Public Safety Communications Centers have long had a process for training new personnel. After all of the assessments are complete and they are placed in a program, it’s either class room time for a few weeks to cover the basics of 9-1-1 communications, policy and procedures, and an orientation to the position, or the personnel are placed with a training officer to do the same individually incorporating the hands on portion. This has worked, for the most part, but with tightening budgets and the need to place personnel under the headset as soon as possible, not all new hires learn at the same rate, so is this working effectively?
With technology improving almost daily, there are options for allowing the learner to set their own pace and be prepared to take on the critical role in your organization. Below, we look at a few options for streamlining the process and meeting your goals at the same time.
Policy and procedure Manuals
It is crucial to the success of any new hire to be adequately trained on the policies and procedures of your organization, but does it have to be completed in a classroom or take away from the hands on training? With available tools such as wiki’s, publisher programs, and screen share software, you can take the training out of the class room and onto the desk top. A self paced computer based training mimics online learning through educational institutions. With a little planning and creativity, you can turn your policy manuals into a comprehensive and dynamic training tool that is accessed on your computer desk tops or sectioned drives remaining behind your agencies firewall. A combination of modules that present the information in an easy to follow manner, would allow your trainers to spend more time concentrating on the hands on portion of training and developing products for in service requirements.
Software such as camtasia studio (http://www.techsmith.com/camtasia.html $299.99) allows you to record the screen you are using on your desktop in the form of a presentation to train personnel on how to use certain software such as computer aided dispatch, telephony, or resource tools. (Check with your software provider for licensing agreements about screen capture and recording for training, or write these into your request for proposal on your next purchase.) With no significant software or policy changes, you can use these indefinitely and save much-needed time and money allowing the learner to move at their own pace.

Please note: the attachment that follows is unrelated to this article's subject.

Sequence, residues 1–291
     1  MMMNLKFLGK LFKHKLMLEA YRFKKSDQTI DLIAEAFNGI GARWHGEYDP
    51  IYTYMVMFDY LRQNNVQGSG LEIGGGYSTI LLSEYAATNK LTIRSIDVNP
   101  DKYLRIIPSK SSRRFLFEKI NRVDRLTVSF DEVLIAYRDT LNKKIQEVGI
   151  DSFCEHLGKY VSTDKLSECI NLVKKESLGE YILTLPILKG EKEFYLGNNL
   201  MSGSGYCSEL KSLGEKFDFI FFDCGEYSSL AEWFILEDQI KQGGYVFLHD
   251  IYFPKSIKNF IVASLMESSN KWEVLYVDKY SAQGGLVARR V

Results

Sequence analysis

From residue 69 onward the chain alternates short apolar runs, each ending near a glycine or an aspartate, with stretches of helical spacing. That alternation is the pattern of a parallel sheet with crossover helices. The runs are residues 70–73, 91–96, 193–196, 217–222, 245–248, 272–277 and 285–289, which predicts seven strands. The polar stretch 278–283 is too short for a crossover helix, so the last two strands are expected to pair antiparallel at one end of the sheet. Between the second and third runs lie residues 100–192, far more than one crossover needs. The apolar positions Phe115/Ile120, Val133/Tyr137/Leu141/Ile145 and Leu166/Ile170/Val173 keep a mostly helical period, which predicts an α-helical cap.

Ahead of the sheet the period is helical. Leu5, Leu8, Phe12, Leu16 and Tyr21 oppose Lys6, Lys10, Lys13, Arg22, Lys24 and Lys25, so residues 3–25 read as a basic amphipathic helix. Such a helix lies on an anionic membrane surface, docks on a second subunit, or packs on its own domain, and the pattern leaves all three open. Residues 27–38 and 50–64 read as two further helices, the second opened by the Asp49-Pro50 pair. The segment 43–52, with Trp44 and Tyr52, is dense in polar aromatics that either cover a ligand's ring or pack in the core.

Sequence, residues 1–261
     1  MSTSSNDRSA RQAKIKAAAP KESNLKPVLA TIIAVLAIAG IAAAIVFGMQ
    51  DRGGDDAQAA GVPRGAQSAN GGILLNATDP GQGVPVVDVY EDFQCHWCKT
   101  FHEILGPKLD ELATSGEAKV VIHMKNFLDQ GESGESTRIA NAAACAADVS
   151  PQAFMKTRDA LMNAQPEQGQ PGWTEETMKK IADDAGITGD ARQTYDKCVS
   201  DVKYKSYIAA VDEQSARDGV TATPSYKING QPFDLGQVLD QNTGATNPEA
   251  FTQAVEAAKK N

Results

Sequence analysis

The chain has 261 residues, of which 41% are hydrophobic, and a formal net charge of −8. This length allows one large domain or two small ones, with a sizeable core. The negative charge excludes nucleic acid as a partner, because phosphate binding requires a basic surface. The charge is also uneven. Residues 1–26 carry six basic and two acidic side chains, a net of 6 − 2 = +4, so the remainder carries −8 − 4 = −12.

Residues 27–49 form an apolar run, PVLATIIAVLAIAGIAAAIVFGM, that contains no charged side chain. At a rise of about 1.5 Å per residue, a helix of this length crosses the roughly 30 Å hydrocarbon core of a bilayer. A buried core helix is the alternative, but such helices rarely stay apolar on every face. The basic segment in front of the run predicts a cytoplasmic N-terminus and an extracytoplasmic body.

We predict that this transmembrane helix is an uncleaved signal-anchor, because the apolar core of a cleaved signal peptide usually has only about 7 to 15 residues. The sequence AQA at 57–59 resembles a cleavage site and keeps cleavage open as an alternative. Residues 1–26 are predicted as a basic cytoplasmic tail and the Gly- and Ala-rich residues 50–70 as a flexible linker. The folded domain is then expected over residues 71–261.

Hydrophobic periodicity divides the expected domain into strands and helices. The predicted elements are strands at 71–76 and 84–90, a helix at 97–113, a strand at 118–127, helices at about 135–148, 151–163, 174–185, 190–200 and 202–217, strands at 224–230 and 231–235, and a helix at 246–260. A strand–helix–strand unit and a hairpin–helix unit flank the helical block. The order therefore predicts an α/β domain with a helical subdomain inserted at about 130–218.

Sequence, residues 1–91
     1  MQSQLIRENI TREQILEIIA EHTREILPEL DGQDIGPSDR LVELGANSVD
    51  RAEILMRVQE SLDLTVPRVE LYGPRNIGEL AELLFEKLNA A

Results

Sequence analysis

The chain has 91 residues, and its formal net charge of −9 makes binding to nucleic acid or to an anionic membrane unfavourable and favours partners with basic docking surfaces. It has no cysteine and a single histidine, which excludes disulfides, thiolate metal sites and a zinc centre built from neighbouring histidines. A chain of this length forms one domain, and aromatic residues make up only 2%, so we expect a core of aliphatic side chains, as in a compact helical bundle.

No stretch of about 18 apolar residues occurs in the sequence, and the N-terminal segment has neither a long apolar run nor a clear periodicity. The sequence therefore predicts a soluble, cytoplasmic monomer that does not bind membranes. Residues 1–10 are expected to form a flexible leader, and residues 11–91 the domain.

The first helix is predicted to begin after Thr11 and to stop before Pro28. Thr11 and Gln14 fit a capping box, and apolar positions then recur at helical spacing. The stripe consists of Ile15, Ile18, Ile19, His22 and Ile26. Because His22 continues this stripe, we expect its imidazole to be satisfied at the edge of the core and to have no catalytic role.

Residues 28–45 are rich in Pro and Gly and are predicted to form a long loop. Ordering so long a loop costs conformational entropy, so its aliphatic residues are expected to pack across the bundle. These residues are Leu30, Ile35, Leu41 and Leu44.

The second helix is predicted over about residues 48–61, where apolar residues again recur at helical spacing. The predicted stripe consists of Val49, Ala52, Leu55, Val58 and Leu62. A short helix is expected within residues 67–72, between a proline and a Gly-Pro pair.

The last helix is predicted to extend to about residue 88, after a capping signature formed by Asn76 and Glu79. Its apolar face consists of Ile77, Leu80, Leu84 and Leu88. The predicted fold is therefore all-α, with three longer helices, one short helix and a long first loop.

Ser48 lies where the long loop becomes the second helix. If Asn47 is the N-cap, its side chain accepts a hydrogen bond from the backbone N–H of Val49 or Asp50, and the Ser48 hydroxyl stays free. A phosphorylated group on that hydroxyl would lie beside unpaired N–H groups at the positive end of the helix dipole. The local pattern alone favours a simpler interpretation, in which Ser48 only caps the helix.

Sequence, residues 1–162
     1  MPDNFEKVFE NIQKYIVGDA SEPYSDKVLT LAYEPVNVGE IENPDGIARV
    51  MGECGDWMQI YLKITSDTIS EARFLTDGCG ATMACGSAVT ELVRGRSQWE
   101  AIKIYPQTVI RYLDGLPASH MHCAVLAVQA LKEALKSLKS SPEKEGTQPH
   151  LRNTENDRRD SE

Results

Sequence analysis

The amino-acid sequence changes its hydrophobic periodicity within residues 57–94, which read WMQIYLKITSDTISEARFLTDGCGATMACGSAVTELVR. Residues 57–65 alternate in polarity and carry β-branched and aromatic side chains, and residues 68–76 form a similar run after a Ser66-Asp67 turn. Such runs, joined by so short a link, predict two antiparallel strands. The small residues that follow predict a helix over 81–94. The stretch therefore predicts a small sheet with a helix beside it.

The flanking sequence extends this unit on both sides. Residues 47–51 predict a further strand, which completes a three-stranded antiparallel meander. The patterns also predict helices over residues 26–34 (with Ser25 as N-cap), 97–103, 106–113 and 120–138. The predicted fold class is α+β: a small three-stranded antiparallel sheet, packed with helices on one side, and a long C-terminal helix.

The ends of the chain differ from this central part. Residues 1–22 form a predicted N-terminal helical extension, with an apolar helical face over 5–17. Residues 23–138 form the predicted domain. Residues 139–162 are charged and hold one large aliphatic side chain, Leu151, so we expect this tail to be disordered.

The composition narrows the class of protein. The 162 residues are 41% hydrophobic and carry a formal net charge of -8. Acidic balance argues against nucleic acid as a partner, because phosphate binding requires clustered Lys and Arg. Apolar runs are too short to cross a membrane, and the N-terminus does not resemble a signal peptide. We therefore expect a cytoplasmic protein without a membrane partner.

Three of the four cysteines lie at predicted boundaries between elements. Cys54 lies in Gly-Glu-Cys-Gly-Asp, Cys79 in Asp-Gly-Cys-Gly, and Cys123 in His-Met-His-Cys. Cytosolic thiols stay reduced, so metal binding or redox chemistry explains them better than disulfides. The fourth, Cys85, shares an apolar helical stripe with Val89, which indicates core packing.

Developing an intranet resource to act as a “classroom” also is an effective means of delivering content to new hires. Links to any file on your agencies protected drives, or links out of your firewall if you allow internet access, can be provided to reinforce training, and allow you to create assessments that are geared toward your objectives.
On the subject of assessment, there are several quiz maker or test maker softwares available for free or for a nominal amount online, providing with easy access to tests and some can even score based on your setting and notify the trainer when the learner has completed the assessment.
In Service Training
Technology can also be used to provide your agency with a great in service program. Certifications for Emergency Medical, Fire, or Police Dispatch (depending on your certification authority) require continuing dispatch education to maintain certification. Building a revolving training program that reinforces policy and procedure while continuing to build much-needed skills, or exercise unused skills, is an important part of maintaining your agencies liability shield and even meet local, state, and federal requirements. Using the same tools listed for new hires, you can create a program that is specific to your needs and it is flexible, allowing you to update and change as needed.
Organizations such as the Federal Emergency Management Agency, and the Association of Public Safety Communications Officials, offer training online that is designed to enhance your training program. FEMA offers independent study programs on many topics, and they are free to anyone who wants to learn. APCO offers courses on topics related to public safety, and while there is a charge, the courses are professional and well planned. APCO also has started a subscription based training program, offering monthly topics to help your agency meet CDE requirements.
While you may not need to replace all of the spokes, reinventing or redesigning the wheel for your organization could help save money, improve comprehension, and keep your agency focused on saving lives and protecting the property of the community that you serve.
Disclaimer: The content of this blog and any opinions, observations, or ideas are mine and not associated in any way with my employer, The Reedy Creek Improvement District.